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Roundtable: Wisconsin defensive effort a bright spot, offense sputters in 13-7 loss to Northwestern

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Our writers look at the loss to Northwestern, and what they believe should be a catch.

Jeff Hanisch-USA TODAY Sports

The Good: What went well for Wisconsin on Saturday?

Owen Riese: Wisconsin's defense is good. Like really good. That's about all that was good to watch yesterday. In familiar fashion this season, the offense sputtered for long stretches this week, but ultimately redshirt senior quarterback Joel Stave led a successful two-minute drill to get down to the one-yard line. That's where things stopped going well. This defense is unreal. I really hope Wisconsin will able to retain Dave Aranda after the season, because this unit is elite.

Kyle Vos: This defense is a treat to watch, and it put in another dominant day at the office against Northwestern. The pass defense was especially impressive, limiting the Wildcats to a paltry 60 yards on 20 attempts. Wait a minute. Haven't I said this before? Ah, yes, the Iowa roundtable. A month and a half later and things are still the same. The defense played with its back against the wall all game long and made stop after stop. I have no reservations in calling this unit one of the best in the country. It deserves to have that recognition by being on a 10-1 team that's ranked in the top 10 right now.

The Bad: What didn't go well against the Wildcats?

Owen: Once again, on offense they allowed the opposing defense to dictate the line of scrimmage. Wisconsin couldn't run, or protect; a tough spot to put your beleaguered in. Stave had his usual game, a few rough decisions, but ultimately when the chips were down put UW in a position to win. My biggest issue with the late game sequence, despite redshirt sophomore Jazz Peavy being robbed of a touchdown catch, is why wasn't junior running back Corey Clement in on the goal line? Or even true freshman Alec Ingold? At least give the defense the threat of the run.

Kyle: I'll refrain from copying my remarks about the offense that I made after the Iowa game here, but, like with the defense, those comments apply almost verbatim. The offense, in its entirety, failed on Saturday. UW backs accumulated just 32 yards on 17 carries. There was a time when I would've been disappointed if Wisconsin didn't have a longest run over 32 yards. Not only did the line fail to create running room, but it contributed heavily to Stave being sacked so many times that a negative was in front of the rushing total for the entire game.

Team MVP: Who deserves it?

Owen: Kyle already picked redshirt junior outside linebacker Vince Biegel below, so I'll pick redshirt freshman inside linebacker T.J. Edwards. It has to be a linebacker, right? Edwards was all over the place for Wisconsin, and using his athleticism to create chaos at the line of scrimmage. He's an excellent compliment to the outside linebackers, cleaning up what they disrupt. This front seven only loses senior outside lienbacker Joe Schobert going forward, so early indications for next season have to be incredibly encouraging.

Kyle: It's hard to pick just one member from the defense, but I'll go with Biegel. He was all over the place, leading the team with 14 tackles. He had a big third down sack in the second half. Most important was his huge play on third down to get the ball back with two minutes left in the game. Northwestern ran a read-option and Biegel sucked in despite being the outside contain. The quarterback took advantage and sprinted around Biegel for what seemed sure to be a game-ending first down. Biegel recovered shockingly fast and corralled the quarterback after a handful of yards, short of the first down.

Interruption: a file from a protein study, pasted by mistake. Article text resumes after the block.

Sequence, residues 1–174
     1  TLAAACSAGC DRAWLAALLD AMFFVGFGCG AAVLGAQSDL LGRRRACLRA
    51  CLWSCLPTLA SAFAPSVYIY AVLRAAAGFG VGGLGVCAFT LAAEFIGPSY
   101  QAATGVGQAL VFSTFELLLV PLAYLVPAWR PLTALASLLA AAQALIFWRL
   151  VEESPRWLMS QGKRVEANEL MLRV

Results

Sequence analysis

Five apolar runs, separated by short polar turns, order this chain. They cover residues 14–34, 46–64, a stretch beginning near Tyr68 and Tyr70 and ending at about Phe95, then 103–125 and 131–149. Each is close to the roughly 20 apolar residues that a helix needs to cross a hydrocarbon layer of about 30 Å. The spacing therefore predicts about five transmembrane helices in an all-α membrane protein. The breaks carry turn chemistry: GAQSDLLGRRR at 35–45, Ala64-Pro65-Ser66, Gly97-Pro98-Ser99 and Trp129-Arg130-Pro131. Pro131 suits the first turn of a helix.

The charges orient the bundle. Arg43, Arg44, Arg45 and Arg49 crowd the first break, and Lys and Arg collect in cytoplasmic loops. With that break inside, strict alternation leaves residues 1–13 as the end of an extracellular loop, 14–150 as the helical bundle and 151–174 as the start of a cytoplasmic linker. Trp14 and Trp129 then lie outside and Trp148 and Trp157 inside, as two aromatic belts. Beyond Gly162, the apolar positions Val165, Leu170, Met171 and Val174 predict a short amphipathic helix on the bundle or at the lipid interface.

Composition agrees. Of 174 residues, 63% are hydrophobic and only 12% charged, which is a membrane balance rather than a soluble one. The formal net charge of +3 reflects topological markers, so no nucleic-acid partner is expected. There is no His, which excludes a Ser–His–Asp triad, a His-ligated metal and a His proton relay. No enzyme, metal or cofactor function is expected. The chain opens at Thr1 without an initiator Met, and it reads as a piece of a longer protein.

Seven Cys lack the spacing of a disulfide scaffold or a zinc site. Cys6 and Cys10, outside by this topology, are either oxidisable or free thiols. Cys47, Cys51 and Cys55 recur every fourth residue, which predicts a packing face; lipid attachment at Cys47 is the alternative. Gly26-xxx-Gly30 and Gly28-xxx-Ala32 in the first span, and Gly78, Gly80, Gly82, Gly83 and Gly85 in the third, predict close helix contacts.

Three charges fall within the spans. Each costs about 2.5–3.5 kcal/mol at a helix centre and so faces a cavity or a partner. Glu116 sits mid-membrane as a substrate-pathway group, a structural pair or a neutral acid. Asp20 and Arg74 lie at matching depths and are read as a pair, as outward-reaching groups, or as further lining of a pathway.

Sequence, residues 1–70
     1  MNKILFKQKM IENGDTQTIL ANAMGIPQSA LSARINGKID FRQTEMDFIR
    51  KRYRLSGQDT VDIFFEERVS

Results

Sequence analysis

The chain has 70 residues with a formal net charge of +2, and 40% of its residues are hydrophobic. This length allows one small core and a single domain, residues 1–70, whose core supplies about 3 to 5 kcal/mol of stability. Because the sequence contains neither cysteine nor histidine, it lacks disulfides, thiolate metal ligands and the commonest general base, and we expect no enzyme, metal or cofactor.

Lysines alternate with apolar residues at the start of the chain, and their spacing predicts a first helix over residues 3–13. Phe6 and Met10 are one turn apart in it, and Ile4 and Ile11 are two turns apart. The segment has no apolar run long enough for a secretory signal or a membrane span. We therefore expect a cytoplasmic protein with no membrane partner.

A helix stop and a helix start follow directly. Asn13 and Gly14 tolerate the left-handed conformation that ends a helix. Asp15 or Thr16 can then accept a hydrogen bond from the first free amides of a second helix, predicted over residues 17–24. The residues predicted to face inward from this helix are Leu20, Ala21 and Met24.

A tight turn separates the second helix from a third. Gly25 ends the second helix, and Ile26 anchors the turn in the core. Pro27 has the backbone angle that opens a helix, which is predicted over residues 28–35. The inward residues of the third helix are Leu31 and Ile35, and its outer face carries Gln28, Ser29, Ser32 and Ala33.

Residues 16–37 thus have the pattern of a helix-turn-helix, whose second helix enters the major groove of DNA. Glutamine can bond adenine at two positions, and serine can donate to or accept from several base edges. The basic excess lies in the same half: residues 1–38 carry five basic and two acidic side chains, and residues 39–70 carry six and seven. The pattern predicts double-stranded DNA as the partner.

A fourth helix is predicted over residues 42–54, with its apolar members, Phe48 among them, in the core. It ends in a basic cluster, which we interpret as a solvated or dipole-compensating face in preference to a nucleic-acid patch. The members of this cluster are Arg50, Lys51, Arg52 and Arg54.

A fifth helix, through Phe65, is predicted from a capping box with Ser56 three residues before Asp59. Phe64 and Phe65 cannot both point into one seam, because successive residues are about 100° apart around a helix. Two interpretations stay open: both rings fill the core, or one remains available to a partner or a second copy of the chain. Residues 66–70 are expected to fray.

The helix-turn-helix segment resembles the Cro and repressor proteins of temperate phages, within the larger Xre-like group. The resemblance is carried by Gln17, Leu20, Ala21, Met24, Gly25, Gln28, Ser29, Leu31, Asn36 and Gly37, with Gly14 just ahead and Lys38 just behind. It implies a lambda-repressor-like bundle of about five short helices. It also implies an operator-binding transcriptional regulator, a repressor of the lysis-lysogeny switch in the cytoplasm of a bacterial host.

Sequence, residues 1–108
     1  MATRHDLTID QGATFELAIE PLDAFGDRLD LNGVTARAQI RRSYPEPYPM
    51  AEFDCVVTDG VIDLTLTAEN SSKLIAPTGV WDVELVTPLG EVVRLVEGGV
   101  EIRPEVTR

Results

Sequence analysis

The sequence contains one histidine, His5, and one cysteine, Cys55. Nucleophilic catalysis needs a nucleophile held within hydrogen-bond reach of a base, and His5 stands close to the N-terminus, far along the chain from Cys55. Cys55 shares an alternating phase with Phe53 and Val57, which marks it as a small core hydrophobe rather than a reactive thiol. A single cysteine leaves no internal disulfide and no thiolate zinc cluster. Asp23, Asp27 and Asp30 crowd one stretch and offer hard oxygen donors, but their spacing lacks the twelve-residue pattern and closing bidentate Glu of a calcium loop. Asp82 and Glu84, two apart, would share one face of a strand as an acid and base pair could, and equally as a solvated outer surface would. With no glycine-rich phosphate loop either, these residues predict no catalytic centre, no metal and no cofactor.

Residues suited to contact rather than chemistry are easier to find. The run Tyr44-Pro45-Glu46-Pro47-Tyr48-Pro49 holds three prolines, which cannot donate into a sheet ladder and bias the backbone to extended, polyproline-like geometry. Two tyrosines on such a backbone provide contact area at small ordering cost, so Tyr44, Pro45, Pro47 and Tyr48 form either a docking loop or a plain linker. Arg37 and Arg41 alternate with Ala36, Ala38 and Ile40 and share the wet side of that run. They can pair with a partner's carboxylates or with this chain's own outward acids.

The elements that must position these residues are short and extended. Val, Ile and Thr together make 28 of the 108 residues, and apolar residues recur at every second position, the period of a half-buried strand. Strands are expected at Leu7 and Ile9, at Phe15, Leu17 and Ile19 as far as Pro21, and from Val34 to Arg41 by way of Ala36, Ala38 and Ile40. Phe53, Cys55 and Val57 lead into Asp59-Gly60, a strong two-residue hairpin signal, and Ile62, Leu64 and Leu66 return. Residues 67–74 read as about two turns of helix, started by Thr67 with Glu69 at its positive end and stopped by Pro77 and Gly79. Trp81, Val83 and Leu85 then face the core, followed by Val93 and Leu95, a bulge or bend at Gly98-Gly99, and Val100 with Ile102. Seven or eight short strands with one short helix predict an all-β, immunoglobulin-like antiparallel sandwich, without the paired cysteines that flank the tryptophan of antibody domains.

The Incompletion: There are debates on whether Peavy held onto the ball. What should a catch be defined as?

Owen: My gripe with the rules is this: I don't understand why it's okay for a running back to cross the plane and then fumble, but as long as he possessed the ball as it "broke the plane" then it's a touchdown. At the same time, as receiver, like Peavy, can possess a ball IN THE ENDZONE, but if he falls and drops it, then it's not a touchdown. I'm all for completely re-writing the rules for a catch, for the simple fact that if you watch two games the same play could happen and you'll get two different calls. Ultimately, Wisconsin was jobbed out of a maybe not deserved win, but a win nonetheless.

Kyle: I'm not in the state of mind to answer this question. I'm too disgusted with football's arbitrary rules to try to add my own arbitrary spin to fit my opinion. In my mind, Peavy scored a touchdown. I can't tell you what my requirements of a catch are, but I know one when I see it. He took multiple steps with the ball and he maintained control through initial impact with the ground after those steps. What I will say is, if, by rule, that's not a catch, then the rules have gone too far. The other glaring example was redshirt senior wide receiver Alex Erickson's return touchdown that was called back. The intent of the fair catch rule is to prohibit returners from trying to deceive the coverage team. Erickson clearly did not do that, evidenced by every single Wildcat player immediately trying to tackle him. There are too many variables for me to attempt to define a catch, it's just unfortunate when officials have to decide the game.